Mosque bombed as Iraq deteriorates

Coalition forces have been battling to contain a surge of violence in recent days, as both Shia and Sunni Muslims have resisted the presence of US-led forces in the country.

The US military said the air strike targeted insurgents who had fired from inside the mosque compound – it also claimed it had bombed the wall of the compound, not the mosque itself.

The bombing came as US Defence Secretary Donald Rumsfeld admitted US troops are facing a “serious problem”, and that US troops due to leave Iraq are to remain to stamp out a spate of uprisings and attacks against American forces.

Mr Rumsfeld stressed that apart from the holy city of Najaf, where radical Shiite Muslim leader Moqtada Sadr has reportedly taken refuge, Iraq was still under the control of coalition forces.

On Wednesday there was no sign of an easing in the fighting that has raged around several Iraqi cities since Sunday, leaving more 200 Iraqis dead, as well as about 30 coalition troops, including 12 Americans killed in a single incident in Ramadi.

Hundreds of Iraqis have been wounded since Sunday when Mr Sadr’s militiamen unleashed protests and US forces started an offensive in the Sunni town of Fallujah, west of Baghdad.

Faced with the escalating violence, Shiite spiritual leader Grand Ayatollah Ali al-Sistani called for a peaceful settlement to the country’s problems to avoid further chaos and bloodshed.

“We will not be shaken by the thugs and terrorists,” said US President George W Bush in a speech in response to the violence.

“These killers don’t have values… We face tough action in Iraq but we will stay the course.”

Meanwhile, Brigadier General Mark Kimmitt, the US-led coalition’s deputy operations chief, vowed to destroy Sadr’s Mehdi Army which has been outlawed by the occupation authorities.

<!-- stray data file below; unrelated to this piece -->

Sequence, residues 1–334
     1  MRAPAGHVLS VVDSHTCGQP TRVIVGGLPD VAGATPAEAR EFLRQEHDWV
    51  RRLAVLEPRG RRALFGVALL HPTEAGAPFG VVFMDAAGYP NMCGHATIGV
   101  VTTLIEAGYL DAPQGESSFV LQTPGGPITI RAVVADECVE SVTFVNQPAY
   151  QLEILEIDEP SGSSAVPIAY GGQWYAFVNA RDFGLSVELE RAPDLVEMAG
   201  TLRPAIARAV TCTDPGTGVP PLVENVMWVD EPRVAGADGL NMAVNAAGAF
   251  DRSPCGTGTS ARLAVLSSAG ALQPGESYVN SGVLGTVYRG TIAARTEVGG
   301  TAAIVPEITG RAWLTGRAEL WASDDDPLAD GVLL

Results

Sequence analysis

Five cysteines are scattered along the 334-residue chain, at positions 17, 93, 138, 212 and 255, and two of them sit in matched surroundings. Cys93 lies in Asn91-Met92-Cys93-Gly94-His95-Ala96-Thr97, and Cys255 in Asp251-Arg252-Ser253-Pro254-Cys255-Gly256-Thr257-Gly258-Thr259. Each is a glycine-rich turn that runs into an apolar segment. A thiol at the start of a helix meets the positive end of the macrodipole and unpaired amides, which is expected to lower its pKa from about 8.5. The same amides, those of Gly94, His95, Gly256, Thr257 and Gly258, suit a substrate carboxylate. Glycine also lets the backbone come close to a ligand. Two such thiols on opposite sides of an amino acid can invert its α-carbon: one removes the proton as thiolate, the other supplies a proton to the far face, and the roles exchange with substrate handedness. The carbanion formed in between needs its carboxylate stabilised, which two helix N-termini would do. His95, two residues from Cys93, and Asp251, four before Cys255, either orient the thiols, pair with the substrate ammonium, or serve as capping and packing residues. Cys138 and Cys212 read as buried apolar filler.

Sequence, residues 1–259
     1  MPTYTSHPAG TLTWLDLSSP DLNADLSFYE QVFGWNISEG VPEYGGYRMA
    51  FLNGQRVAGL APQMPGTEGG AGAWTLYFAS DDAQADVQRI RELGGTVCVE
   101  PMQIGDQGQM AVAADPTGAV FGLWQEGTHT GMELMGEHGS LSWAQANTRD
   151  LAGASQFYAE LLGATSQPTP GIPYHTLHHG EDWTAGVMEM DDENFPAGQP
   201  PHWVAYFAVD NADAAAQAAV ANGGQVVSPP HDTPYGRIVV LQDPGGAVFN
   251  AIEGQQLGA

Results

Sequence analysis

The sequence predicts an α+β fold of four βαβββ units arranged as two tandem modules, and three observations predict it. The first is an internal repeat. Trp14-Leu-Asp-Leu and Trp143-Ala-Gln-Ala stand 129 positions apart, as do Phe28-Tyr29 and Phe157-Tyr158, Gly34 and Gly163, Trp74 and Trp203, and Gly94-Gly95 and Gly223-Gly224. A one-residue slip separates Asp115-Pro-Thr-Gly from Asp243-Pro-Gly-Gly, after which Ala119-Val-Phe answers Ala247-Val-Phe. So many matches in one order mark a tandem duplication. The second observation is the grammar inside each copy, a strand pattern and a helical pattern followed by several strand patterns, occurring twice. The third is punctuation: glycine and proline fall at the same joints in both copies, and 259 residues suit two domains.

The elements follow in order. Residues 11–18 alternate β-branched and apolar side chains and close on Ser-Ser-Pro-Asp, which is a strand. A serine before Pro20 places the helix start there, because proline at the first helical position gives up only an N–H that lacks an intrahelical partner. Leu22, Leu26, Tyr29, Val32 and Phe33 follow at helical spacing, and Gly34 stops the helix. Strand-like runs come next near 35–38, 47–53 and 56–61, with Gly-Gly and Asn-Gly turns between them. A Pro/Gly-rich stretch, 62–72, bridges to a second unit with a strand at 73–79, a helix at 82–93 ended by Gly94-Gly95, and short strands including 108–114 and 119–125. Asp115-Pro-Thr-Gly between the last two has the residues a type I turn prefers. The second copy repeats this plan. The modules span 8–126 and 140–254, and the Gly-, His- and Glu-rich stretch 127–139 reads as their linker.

Just outside the northern city of Kirkuk, 13 Iraqis were killed and 20 wounded in an exchange of gunfire with US troops during a demonstration to protest US attacks on Fallujah, police and medics said.

In the southern city of Kut, Sadr’s men forced Ukrainian coalition troops to withdraw after heavy fighting left one Ukranian dead and five others wounded.

Overnight, four Iraqis were killed in a US air raid on Baghdad’s Sadr City, a Shiite slum. Three more died from wounds sustained in fighting a day earlier, a hospital director said on Wednesday.

At least 64 people have been killed and 242 others wounded in the district since Sunday.

In the southern Shiite city of Karbala, a Sadr aide, two militiamen and five Iranian passersby were killed and 16 wounded during overnight clashes between US troops and the Mehdi Army.

On Tuesday, 12 US marines were killed and two dozen wounded when 60 to 70 Iraqi insurgents armed with rocket-propelled grenades and automatic weapons attacked them in Ramadi.

Ramadi is in the toubled Sunni Triangle, near Fallujah, where US forces have been hunting those responsible for the brutal murders of four US security contractors last week.

But calm returned to the southern city of Nasiriyah on Wednesday after a day of fierce fighting left 15 Iraqis, including three insurgents, dead.

The coalition has issued a warrant for the arrest of Sadr, a descendant of an illustrious religious family, for the murder last April of a rival cleric. His aides have vowed he will never be captured or surrender.

Despite the violence, UN special envoy Lakhdar Brahimi continued talks with interim leaders Wednesday on means to help keep to the scheduled handover of power to Iraqi sovereignty, set for June 30.

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